Then also there's the homeless issue. The DC government will have to address that in a comprehensive way. I was violently threatened by a vagrant who blocked the entrance to a DC library at about 9am on a saturday morning. In 1988 while in college I was pushed out of the men's room at the MLK library by homeless people who were doing something so weird that the police were called- my guess is they were gang-raping someone and I don't say that lightly. These people are, on the whole, violent and unpredictable inside the library facilities and hostile to people who pay the library taxes.

So, first, handle the IT issues, secondly, limit the use of the libraries to taxpayers with a legitimate reason to be there. Until our society accepts that "legitimate reasons" can be defined then the libraries will be unsafe for and avoided by DC students and families.

Posted by: Anonymous | August 27, 2008 5:04 PM

what does that have to do with this article. I guess it is back to the "what ever sticks" approach. Your reliving your 1988 story says more about you than the library. "1988?" "These people?"

Posted by: Huh | August 27, 2008 9:33 PM

Ridiculous. "Mayor" Fenty & the council toss away $611 million on a baseball stadium, lose $50 million + on the real estate "tax refund" scam, lose another $20-30 million on the summer "jobs" program, & yet they decide to scrimp here & build a jail-like building instead of a modern building with lots of glass & light.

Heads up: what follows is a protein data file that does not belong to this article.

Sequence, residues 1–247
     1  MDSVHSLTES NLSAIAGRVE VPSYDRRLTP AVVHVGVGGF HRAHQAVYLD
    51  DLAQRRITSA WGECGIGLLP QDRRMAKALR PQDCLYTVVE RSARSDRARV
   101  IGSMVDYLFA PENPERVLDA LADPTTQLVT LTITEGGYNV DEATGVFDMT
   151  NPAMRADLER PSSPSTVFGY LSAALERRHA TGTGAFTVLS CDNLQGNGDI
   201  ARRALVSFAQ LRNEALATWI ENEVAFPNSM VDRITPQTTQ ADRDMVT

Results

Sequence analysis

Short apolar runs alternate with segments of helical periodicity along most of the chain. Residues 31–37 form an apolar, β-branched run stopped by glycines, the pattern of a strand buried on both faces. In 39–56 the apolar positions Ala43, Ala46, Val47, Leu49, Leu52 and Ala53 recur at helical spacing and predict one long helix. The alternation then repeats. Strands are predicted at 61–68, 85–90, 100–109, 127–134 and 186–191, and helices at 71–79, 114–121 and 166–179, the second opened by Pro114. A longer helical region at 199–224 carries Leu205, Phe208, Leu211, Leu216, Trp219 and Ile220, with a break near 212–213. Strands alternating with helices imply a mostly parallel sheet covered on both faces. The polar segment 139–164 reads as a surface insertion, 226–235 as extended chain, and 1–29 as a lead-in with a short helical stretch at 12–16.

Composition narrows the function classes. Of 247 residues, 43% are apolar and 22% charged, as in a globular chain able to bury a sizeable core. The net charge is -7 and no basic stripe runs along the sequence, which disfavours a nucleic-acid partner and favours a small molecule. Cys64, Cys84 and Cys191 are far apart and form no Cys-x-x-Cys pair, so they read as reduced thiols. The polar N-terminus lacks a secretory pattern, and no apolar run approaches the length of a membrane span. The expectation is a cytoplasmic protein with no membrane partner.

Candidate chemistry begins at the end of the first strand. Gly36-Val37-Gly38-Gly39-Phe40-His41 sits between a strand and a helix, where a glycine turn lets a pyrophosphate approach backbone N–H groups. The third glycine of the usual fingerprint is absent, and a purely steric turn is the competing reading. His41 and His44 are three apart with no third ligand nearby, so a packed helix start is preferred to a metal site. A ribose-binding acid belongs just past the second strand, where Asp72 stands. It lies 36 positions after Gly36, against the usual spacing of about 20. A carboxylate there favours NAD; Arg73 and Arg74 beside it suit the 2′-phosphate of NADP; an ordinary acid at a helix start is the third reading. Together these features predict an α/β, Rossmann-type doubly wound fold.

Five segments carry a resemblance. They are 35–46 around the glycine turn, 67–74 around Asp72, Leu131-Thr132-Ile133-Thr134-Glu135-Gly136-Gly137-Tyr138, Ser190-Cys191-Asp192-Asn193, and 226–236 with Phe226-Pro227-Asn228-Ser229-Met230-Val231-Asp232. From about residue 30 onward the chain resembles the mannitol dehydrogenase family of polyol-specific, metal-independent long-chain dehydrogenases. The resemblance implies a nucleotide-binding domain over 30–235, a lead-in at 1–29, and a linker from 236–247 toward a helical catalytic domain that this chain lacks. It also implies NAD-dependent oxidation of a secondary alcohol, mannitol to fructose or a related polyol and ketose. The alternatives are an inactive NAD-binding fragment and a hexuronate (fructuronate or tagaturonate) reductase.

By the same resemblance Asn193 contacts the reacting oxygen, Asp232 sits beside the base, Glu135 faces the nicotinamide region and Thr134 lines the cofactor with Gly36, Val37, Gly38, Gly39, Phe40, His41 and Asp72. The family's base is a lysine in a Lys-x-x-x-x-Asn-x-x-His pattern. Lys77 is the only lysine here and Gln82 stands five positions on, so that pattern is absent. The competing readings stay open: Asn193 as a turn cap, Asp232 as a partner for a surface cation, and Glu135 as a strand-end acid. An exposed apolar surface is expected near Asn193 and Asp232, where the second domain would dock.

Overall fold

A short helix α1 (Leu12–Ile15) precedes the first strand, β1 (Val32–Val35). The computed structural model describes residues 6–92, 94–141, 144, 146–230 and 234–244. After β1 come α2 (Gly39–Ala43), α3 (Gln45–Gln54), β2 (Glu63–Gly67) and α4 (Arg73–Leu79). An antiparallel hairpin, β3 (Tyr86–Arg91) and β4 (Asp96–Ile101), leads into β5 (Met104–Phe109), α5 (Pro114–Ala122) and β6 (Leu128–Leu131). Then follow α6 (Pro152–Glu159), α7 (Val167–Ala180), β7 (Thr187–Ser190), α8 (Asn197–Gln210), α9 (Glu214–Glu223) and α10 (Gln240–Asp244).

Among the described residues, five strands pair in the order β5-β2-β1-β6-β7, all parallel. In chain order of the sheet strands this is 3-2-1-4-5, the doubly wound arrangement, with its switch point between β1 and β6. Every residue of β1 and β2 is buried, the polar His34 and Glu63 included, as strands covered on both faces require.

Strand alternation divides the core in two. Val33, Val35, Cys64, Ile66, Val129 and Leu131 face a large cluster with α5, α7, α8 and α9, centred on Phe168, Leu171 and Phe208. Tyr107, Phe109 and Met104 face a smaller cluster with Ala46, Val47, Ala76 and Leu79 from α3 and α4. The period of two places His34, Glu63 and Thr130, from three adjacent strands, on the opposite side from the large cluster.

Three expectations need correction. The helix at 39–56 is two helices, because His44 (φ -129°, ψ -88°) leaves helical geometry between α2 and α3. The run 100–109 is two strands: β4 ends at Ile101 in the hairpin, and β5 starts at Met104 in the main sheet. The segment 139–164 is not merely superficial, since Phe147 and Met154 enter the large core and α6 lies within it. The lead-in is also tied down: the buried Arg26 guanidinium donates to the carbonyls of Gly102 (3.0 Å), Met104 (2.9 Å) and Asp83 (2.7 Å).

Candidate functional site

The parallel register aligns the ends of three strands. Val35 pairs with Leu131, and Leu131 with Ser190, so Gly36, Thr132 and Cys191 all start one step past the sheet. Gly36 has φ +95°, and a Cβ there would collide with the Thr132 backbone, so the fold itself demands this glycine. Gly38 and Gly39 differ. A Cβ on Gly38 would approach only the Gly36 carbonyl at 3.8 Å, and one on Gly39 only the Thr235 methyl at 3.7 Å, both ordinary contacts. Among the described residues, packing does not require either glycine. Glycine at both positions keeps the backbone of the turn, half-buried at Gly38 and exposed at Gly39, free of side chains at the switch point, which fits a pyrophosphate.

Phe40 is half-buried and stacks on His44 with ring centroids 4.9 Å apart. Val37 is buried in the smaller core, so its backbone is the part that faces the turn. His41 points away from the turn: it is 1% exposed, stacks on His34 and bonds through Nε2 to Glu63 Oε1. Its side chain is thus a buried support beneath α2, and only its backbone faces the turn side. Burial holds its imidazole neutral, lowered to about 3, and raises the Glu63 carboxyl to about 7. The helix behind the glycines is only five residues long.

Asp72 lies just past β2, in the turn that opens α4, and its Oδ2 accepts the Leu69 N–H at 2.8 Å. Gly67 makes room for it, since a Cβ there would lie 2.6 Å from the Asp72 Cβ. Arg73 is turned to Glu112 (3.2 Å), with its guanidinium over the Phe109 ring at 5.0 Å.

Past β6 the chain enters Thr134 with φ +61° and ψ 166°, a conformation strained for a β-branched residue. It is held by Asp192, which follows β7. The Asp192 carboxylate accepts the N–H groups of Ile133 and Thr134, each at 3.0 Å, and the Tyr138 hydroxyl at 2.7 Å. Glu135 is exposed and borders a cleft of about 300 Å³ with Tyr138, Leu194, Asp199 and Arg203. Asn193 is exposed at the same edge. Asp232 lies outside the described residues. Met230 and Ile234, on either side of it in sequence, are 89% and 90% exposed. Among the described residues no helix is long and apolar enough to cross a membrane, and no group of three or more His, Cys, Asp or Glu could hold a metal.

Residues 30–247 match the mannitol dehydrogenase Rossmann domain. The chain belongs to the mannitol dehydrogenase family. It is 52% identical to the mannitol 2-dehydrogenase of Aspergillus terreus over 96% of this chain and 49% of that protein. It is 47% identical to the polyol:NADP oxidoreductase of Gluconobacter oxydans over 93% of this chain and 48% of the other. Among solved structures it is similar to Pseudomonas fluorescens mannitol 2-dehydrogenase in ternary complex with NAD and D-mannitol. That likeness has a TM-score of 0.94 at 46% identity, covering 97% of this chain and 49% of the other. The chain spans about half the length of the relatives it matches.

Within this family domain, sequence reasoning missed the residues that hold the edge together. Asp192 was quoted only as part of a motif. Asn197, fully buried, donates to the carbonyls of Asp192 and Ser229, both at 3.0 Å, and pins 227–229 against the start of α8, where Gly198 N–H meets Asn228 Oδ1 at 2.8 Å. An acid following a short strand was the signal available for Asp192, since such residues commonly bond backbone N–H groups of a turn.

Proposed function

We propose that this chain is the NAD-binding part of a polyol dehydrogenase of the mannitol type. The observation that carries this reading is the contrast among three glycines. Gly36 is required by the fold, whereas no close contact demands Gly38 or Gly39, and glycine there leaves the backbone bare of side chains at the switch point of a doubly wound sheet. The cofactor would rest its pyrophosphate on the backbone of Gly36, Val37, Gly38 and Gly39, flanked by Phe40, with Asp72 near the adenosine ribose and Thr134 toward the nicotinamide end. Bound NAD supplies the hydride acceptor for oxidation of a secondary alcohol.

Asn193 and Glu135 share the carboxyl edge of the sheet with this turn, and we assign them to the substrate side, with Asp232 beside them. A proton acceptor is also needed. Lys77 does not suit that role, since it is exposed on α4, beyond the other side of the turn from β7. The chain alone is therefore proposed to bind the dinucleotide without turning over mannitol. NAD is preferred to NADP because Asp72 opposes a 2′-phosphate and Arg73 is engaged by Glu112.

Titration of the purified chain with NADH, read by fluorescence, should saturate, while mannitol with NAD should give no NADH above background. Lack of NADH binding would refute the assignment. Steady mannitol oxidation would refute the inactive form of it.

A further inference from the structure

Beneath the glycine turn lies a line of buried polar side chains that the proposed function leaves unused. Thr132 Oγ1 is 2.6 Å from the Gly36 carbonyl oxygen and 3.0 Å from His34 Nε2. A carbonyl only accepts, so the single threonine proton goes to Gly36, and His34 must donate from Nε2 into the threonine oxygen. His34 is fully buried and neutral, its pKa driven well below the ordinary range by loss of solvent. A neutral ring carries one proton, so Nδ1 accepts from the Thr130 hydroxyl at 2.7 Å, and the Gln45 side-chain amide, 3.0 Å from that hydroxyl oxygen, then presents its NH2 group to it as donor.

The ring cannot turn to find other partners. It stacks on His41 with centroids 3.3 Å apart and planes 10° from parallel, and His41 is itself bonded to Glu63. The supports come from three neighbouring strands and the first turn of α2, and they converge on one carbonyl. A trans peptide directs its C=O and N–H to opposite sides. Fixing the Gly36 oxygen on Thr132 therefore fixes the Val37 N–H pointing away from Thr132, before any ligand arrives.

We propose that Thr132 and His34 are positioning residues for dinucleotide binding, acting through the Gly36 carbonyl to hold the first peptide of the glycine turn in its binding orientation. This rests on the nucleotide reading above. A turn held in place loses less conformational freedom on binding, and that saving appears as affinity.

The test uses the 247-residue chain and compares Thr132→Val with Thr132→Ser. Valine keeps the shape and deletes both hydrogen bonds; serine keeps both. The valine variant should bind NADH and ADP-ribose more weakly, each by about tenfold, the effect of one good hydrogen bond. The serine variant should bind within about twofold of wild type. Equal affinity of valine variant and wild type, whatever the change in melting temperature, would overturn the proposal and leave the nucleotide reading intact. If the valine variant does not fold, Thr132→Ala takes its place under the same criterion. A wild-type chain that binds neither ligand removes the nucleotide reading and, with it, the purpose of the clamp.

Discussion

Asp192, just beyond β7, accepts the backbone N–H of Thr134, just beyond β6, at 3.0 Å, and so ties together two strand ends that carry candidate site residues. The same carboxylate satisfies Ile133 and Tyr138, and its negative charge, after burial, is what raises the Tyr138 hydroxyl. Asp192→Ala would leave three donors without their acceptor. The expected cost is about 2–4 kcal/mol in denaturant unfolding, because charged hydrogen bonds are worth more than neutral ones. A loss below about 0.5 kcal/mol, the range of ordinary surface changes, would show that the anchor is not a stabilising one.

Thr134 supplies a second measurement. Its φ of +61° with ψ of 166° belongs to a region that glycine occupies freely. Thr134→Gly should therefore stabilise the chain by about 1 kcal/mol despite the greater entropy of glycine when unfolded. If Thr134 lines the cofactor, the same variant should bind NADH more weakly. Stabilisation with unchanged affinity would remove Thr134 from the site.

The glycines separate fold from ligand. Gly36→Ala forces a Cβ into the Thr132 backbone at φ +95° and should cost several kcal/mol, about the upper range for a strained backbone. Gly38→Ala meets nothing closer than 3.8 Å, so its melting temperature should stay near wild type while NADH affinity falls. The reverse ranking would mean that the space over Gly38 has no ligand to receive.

Citizens of Washington - you get what you vote for. We deserve better than Fenty.

Posted by: Freddie Mick | August 27, 2008 11:25 PM

Marc, the library design pictured in your post looks a lot like the Ellen Coolidge Burke branch library in Alexandria. It was built back in the '60s-'70s when that style was fashionable, and it's still around.

Posted by: Tom T. | August 28, 2008 11:18 AM

The Shaw Library Study Group invites YOU to attend a pre-library design meeting TOMORROW, Thursday, August 28 at Old Dominion Brew House, 6:30PM.

Come out for sprites and bites and meet with other Ward 2 residents who will be gearing up for the so-called final library design meeting on September 4.

-----------------------------------------
WHAT: Pre-Library Design Planning Meeting
WHEN: Thursday, August 28, 6:30-8:30pm
WHERE: Old Dominion Brew House, 1219 9th Street, NW DC
http://www.olddominionbrewhouse.com/
WHY: Planning for the September 4 DCPL-hosted "final" design meeting
RSVP: Chris O. 202-536-4065, dclibrarydynamo@rushpost.com
-----------------------------------------

Posted by: DC Library Dynamos | August 28, 2008 2:19 PM

Ginnie Cooper has been doing a great job. She is totally focused on the library's mission of building community. Stop bad-mouthing DCPL and Ginnie! Why don't you point out many of the positive things that have happened under Ginnie's leadership in the past two years?

Posted by: librarian | August 28, 2008 4:15 PM

These days, it doesn't matter what you build, modern libraries and librarians don't believe in books. Weve just opened a new library in Lexington Park. It has lots of computers, very nice bathrooms a coffee/snack bar and a very neat aquarium... but hardly any books for serious reading. Oh well, it does serve as a nice study hall for the kids.

Posted by: Lex Pk | August 28, 2008 8:15 PM

The comments to this entry are closed.

 
 

© 2010 The Washington Post Company